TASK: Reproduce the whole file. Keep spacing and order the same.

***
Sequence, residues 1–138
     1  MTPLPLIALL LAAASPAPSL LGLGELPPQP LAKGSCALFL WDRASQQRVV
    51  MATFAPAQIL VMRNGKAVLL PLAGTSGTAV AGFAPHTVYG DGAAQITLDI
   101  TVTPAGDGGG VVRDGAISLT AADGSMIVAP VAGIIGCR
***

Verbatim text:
Sequence, residues 1–138
     1  MTPLPLIALL LAAASPAPSL LGLGELPPQP LAKGSCALFL WDRASQQRVV
    51  MATFAPAQIL VMRNGKAVLL PLAGTSGTAV AGFAPHTVYG DGAAQITLDI
   101  TVTPAGDGGG VVRDGAISLT AADGSMIVAP VAGIIGCR